Just how much bang do you get for your buck?
It’s time to find out what’s in those crackers, writes ARTHI SANPATH
LET’S face it – despite knowing that we are likely to end up with an el cheapo plastic ring from the Christmas cracker, there is still a childlike anticipation that keeps us hoping we will end up with a really fantastic surprise gift.
This time of year, Christmas crackers can be found in just about every store, with mini versions for children and large crackers for adults.
A simple test of some of the crackers available to consumers gives you some idea of where you get more bang for your buck.
Most of the packaging gives the shopper a good idea of what they’d find inside, which will definitely help with your decision as to what kind of surprise presents will best suit your guests.Of course, the more expensive the box of crackers, the better the items. Such was the case at Woolworths, where for R225 for a box of six crackers (available online too), you could expect to find LED torches, an “expensive” pen, silver earrings, or a little tape measure. Not bad. However, if your pockets aren’t that deep this Christmas, and you have to buy the less expensive crackers, don’t expect much more than some marbles and maybe scary teeth, at best.
Although with a rough budget of around R100 for a box of middle-ofthe-range crackers at each store, some did not have that price range, so we used our discretion.
We bought crackers at Woolworths and Pick n Pay, Spar and Checkers, and rated them on a scale of one to five – on appearance, value for money, quality of trinkets and, of course, the bang. Celebration Crackers at R99.95 for a pack of six, although if you use your Woolies card, you get a R19.99 discount.
There was a range of Woolies in-house brand crackers on sale, with the luxury crackers quite pricey. The crackers in the box we bought were decorated in bright colours and stars – not very Christmassy, so this could work at any function. The packaging tells you what is inside – monster slime, moustache, bag of marbles, magic wire trick, bending pencil and magic ball trick were the contents, with a party hat and joke or quote. Not bad for Woolies, and could appeal to adults and children alike. The crackers felt heavy and had quite a loud bang. There was not much variety available, and all the crackers were made under Glenart Trading, with a note saying the crackers were made in South Africa, but that the contents are from China. R59 for a pack of nine crackers.
The box tells you what you will find inside – a magic cloth trick, magic wire trick, magic ball trick, smiling face stickers, mini scissors, bottle opener, vampire teeth and bouncy ball, and a party hat and funny jokes.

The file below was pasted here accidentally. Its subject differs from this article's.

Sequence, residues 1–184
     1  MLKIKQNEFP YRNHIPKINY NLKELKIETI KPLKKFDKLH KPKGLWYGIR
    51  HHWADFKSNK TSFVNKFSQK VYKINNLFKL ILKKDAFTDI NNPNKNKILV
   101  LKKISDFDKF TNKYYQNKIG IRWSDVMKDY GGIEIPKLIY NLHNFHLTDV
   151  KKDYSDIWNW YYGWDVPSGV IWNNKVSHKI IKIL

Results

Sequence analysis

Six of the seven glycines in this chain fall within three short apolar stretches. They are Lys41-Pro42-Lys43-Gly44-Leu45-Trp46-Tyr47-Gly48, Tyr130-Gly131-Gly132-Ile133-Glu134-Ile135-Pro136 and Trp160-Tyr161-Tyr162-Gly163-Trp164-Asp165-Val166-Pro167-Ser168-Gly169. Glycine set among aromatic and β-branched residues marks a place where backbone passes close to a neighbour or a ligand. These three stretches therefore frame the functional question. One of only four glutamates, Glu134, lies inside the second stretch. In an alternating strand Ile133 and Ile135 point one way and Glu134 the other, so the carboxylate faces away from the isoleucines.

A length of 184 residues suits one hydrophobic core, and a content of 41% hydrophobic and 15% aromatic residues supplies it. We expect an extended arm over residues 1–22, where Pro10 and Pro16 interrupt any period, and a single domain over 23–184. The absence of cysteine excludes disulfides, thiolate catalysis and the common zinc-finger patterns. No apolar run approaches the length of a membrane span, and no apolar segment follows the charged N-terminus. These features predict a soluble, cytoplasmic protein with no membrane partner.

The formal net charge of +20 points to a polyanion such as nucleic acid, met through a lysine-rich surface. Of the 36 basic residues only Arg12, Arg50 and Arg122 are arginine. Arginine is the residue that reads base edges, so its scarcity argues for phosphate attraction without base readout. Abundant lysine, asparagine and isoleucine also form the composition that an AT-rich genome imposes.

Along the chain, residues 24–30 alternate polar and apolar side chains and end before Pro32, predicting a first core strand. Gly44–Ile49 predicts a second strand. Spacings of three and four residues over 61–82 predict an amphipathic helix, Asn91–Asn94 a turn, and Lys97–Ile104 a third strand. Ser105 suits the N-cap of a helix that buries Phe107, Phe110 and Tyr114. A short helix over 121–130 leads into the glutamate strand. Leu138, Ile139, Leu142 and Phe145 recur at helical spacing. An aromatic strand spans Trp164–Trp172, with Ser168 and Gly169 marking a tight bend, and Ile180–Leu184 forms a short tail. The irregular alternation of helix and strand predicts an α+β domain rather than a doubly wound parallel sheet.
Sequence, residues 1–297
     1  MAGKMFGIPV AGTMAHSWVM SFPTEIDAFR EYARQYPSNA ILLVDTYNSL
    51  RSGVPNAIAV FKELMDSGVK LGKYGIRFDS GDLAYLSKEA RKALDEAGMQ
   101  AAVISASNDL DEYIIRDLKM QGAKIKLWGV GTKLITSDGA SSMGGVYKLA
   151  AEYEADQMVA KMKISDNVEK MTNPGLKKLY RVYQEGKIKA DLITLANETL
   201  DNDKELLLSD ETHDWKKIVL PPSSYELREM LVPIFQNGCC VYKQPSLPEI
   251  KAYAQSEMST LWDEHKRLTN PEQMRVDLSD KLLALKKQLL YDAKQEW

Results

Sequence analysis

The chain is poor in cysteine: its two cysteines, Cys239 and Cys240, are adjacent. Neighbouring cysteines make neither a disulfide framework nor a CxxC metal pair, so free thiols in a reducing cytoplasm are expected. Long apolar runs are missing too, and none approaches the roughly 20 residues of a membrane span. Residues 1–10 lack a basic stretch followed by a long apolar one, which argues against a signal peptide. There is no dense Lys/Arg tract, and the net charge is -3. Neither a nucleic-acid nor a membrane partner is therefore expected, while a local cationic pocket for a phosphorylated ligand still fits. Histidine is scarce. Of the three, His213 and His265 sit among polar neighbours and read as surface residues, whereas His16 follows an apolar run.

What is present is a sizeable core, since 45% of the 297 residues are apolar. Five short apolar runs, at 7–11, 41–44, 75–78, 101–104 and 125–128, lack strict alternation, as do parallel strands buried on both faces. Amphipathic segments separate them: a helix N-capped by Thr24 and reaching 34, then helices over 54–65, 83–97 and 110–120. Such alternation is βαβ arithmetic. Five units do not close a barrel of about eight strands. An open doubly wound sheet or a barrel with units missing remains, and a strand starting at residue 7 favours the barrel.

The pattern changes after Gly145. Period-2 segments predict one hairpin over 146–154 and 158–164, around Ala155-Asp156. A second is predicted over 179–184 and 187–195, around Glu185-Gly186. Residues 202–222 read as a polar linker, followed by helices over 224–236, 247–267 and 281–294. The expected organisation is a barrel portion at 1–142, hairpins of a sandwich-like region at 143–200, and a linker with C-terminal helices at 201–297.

The bang was good, and the crackers were wrapped in red and green Christmas scenes.
This was good value for money as there were nine in a box for less than R60, and the magic tricks would be fun for a party or around a dinner table.
The contents also appeal to adults and children alike. R49.99 for a box of six. We couldn’t find anything more expensive.
Once again, the contents in the crackers were made known at the back of the packaging, and from what we saw it looked good. You could hope to find anything from a pen, to nail clippers, tweezers, paper clips, cards or a yoyo. Not bad either. In bright red, white and silver packaging, the crackers would work well on a Christmas dinner table. The bang was okay, and the tweezers looked like they would work well, not just as a toy. Finding the Christmas stuff at this Spar was challenging, and the crackers were located on a high shelf, with just one option. R49.99 for a box of six.
This would be the party pack to buy if you are in a group. The Spar Merry Moments party pack comes with six crackers, each with a surprise toy and a joke. Included in the box are six streamers, hats, blowouts and party poppers. The outside packaging does not tell you what you could find in the crackers. Sadly, there was no bang – they literally just tore apart. The contents were all miniature toys – a cheap small car, a plastic ring, a tiny rubber ball, an 8cm ruler, and a small toy purple thing that could pass either as a turtle or a frog – we couldn’t make out which.
– only because it had streamers.